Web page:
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I HAVE SOME REALLY SMART FRIENDS WHO PUSH ME TO REALLY THINK ABOUT STUFF.

One of them posted this really interesting article written by John Pavlovitz.  I read it and then reposted it because it was so interesting and I wanted to hear what other people thought about it.  (Plus, I didn't want to spend another day focusing on what a HORRIBLE concept a DOUBLE-FUNERAL is -- my heart goes out to the family, or to wonder who died today.  Did you know Alf died?  That's right, now 2016 is going after PUPPETS!)  

The article is called My Emancipation From  American Christianity.  The Hubs shook his head as soon as I posted it.  He says that sometimes I am a rabble-rouser, but he says it with affection so . . .  I recognize that the title alone will give some people pause, but like I said, I found it interesting.  I don't mean to stir up trouble.  It is just a by product of my curiousity.

I should mention that I don't really know much about John Pavlovitz other than my brief research today.  I just read his article and I found parts of it not only beautifully written but also very profound.  I've included a link to the article below, so you can read it in it's entirity, if you so desire.  I am genuinely interested in what you think.

I grew up in church.  I mean, if that church was open, we were there.  Sunday morning, Sunday night, Monday night small group, Wednesday night Bible study - we WENT to church.  And I loved going to church.  I mean youth group was a BLAST.  I am still friends with kids from back then, and still am in touch with many of my former Sunday school teachers.  I've been a Sunday school teacher more than once, and the Husband and I met volunteering with church youth group.  Not to mention, that he is technically a REVEREND, although that isn't how he makes his living.  But there have been times in church when I have felt disconnected, and uncomfortable.  And it seems like some of the things that are considered just part of being involved in American Christianity, that I'm not sure I want to be a part of. 

Pavlovitz puts it best, "I've outgrown the expectation that my faith is the sole property of a political party.  I've outgrown violent bigotry and xenophobia disguised as Biblical obedience.  I've outgrown God wrapped in a flag and soaked in rabid nationalism. . . I've outgrown theology as a hammer always looking for a nail.  I've outgrown the cramped, creaky rusting box that God never belonged in anyway."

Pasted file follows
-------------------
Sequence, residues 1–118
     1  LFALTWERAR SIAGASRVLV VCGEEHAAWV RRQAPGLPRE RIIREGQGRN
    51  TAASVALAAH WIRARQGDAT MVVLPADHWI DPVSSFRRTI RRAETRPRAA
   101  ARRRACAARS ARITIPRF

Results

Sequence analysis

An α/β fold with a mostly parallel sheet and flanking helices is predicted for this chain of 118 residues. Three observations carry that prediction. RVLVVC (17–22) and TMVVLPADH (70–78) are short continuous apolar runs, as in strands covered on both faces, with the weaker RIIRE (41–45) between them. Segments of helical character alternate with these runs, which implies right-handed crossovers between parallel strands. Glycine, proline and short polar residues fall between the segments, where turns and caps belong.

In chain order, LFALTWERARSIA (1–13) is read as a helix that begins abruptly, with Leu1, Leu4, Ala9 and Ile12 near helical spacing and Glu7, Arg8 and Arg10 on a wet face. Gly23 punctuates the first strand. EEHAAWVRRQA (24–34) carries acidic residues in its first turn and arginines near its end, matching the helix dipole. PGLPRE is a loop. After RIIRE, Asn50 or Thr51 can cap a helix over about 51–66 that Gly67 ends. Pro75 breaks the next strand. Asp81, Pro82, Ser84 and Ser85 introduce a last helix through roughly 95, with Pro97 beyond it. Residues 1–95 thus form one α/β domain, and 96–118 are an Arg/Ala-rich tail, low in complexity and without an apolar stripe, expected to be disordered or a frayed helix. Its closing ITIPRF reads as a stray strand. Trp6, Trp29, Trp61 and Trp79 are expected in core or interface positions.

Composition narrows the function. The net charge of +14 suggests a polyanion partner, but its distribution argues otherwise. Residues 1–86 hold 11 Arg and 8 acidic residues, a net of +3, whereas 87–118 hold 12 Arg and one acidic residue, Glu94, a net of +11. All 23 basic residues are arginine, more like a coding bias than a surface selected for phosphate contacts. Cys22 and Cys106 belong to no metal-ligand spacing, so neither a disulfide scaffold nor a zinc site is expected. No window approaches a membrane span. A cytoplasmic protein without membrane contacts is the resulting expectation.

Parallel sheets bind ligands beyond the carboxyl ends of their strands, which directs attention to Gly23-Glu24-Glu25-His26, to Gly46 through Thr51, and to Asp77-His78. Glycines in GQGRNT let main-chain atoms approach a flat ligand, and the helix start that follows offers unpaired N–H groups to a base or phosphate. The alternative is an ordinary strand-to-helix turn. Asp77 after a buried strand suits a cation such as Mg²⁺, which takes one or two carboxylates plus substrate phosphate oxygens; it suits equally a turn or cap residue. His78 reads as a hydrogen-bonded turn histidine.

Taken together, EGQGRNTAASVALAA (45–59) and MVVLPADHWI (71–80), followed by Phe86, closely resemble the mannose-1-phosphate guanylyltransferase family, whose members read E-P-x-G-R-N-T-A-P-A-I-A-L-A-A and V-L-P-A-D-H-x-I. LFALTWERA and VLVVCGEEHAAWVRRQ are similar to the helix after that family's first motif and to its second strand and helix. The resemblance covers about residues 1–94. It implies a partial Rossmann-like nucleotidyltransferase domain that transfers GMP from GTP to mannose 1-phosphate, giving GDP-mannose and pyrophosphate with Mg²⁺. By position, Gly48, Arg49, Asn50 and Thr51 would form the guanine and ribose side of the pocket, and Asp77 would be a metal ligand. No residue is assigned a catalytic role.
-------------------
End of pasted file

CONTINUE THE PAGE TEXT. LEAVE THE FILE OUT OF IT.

I know, right?  I mean that is really profound.  Almost immediately some of my friends wanted to make sure that I knew their church wasn't bigoted and that they attend a church that is politics free.  And I should also point out that I have ZERO expectation for any church to be perfect.  I mean, churches are run by humans and humans are pretty flawed.  I get that.  Heck!  I've got inside information.  I am married to an actual PASTOR.  I mean the Rock Star is sweet, thoughtful, hard-working, generous, and fine as hell, but he is also a human, and like me, he messes up sometimes.  This isn't an article about perfection, but rather, and more to the point about embracing the most important aspects of our faith.

Pavlovitz says it here, "If religion is to be worth holding on to, it should be the place where the marginalized feel the most visible, where the hurting receive the most tender care, where the outsiders find the safest refuge."

Wow.  If only.

I mean how is the American church doing dealing with mental illness or poverty or social or racial injustice? What does the American church have to say about misogyny?  Why is that someone who has an open heart toward fixing these problems is considered to be radical and an outsider in the American Christian church.  

This article really made me think not just about American Christianity, but about how American Christianity reacts to articles like this.  Shouldn't we be forever evaluating and reassessing our impact on the world we live in?  Shouldn't we be the first ones to run to aid those who are hurting and in despair?  Christ himself once said, "True religion is this: To care for the widows and orphans."  

"If religion is to be worth holding on to, it should be the place where the marginalized feel the most visible, where the hurting receive the most tender care, where the outsiders find the safest refuge."  

Amen.

--Jen

P.S.  Does it bother anyone beside me that people who are the most famous for adovcating on behalf of our societies most vulnerable people, those with mental health challenges, were know for everything under the sun EXCEPT being "American Christians"?  God bless the work that both Debbie Reynolds, and Carrie Fisher did as advocates for those struggling with mental illness.